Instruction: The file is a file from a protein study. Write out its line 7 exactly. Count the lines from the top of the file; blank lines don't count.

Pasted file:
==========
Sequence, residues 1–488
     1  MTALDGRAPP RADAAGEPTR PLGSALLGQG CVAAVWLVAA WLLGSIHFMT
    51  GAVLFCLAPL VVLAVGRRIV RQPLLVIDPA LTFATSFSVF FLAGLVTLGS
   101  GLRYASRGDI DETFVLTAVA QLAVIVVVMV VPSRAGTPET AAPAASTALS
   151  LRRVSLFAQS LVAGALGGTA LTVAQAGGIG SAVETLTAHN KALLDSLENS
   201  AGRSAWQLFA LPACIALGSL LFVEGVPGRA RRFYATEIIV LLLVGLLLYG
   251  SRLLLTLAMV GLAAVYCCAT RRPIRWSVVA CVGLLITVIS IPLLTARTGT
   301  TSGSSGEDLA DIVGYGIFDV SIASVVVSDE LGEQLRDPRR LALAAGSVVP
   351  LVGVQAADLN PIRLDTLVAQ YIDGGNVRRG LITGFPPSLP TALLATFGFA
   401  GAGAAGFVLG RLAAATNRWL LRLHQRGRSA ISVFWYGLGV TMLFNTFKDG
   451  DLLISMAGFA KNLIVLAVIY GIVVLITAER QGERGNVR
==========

   251  SRLLLTLAMV GLAAVYCCAT RRPIRWSVVA CVGLLITVIS IPLLTARTGT